What can fans expect from the new season of ‘Fraggle Rock: Back to the Rock?’

We really tried to make this season even more epic in all ways, the stories, the sets, the music, the character arcs and more! We took what people loved about season 1 and just kept exploring new ways to make the show grow. One of the things I love that we did this season was explore what we call the “shadow” sides of the characters…. their other personality traits that may not be as dominant but are still there… that’s what makes them feel so real. For example, who is Red when she’s not being the outgoing athletic one? How does Gobo act when he doesn’t have all the answers? How does Boober step up to the plate when someone else is in peril and battling anxiety and not him? We also end the season on a BIG development that I can’t wait to see fans’ reactions to and also can’t wait to continue on in season three!

Actor John Tartaglia attends the opening night performance of "Hadestown" at Ahmanson Theatre on April 27, 2022 in Los Angeles, California

Paul Archuleta/Getty Images

Which Fraggle Rock character do you personally most relate to and why? (Ex: When Gunge does XXX that’s so me!)

Hmmm… I would say it’s a cross between Gobo and Wembley. I can be SO indecisive and too much of a people pleaser like Wembley yet super loyal like he is. And I can be a leader like Gobo but can definitely get stubborn like he does, too!

The puppet house is on fire – which ‘Fraggle Rock’ character are you saving first and why?


I read that you were one of the youngest ‘Sesame Street’ puppeteers in the show’s history, joining at age 16. What was that experience like for you? How did you learn puppeteering?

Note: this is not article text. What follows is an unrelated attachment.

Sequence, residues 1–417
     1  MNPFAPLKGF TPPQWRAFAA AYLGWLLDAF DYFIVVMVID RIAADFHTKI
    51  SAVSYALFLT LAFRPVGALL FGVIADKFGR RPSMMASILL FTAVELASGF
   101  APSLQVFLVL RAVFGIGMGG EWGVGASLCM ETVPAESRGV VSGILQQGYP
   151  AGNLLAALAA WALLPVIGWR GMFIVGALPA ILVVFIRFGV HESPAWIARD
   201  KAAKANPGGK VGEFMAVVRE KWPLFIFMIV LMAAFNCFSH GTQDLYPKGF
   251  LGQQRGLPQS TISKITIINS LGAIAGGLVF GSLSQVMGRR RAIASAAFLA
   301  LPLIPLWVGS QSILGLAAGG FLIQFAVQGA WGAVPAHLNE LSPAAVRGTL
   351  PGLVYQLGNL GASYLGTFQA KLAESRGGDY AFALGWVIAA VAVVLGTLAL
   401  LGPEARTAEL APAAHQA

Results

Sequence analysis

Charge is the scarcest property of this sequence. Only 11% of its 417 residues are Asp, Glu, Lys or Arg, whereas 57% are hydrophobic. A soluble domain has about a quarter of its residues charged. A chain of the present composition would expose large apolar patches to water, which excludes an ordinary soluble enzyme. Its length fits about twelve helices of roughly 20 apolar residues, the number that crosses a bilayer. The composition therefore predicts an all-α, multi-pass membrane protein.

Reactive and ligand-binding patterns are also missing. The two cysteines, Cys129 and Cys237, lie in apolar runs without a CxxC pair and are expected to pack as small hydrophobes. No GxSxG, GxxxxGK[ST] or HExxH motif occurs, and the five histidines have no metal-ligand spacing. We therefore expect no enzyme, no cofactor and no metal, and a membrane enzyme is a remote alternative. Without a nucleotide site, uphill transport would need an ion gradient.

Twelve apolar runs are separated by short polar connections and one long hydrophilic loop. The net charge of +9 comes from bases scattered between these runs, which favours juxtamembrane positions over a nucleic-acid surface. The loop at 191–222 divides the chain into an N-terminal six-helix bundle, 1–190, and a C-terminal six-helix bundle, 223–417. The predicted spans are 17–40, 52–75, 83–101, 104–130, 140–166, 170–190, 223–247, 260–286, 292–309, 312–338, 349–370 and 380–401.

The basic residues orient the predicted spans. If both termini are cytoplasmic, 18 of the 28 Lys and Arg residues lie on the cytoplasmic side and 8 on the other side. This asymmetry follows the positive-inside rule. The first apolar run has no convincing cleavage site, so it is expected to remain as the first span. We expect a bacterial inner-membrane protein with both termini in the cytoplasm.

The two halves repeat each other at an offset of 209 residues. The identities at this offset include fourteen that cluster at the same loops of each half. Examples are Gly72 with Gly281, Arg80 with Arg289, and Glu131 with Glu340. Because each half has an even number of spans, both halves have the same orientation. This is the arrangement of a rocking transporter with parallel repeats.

It was incredible…. and difficult! Being so young and coming into an established troupe of puppeteers wasn’t always easy. I was like the new family member suddenly showing up and being put into the family photo… that can be a tough experience. But honestly, everyone was so welcoming and supportive and quite protective of me. I didn’t go to college, I went right from high school to living by myself in NYC and working on Sesame so I was literally raised on that street! But it was a mind-blowing experience to go from watching that show to working on it! It took me almost the entire first season I was there to stop calling Sonia Manzano “Maria,” her character name! I mean, she was Maria to me! But I started puppeteering at a very young age by watching and learning from TV at home. But it’s a very different experience to go from that to doing it with professionals on a set of the most famous kids’ show in the world! So, there was a learning curve but truly such a glorious experience.

What are 3 skills you absolutely have to have to make it in puppeteering?

The ability to do different voices, physical strength and really good character development skills.

Actor John Tartaglia performs onstage at the Family Festival Street Fair during the 2010 Tribeca Film Festival on May 1, 2010 in New York City

Joe Corrigan/Getty Images for Tribeca Film Festival

What are your favorite parts/challenges of puppeteering?

I come from a theater background so I love when we do really challenging choreography or dance with the puppets…. LOVE that. I love finding a new character from scratch. Taking a new puppet that’s never been performed before and originating who they are… finding that voice, how they move, etc. And more than anything the collaborative spirit it all takes…. we all work very closely together, physically and emotionally, and it really teaches you the power of a shared idea and the power of “yes, and.” Everyone’s ideas are valid and need to be heard!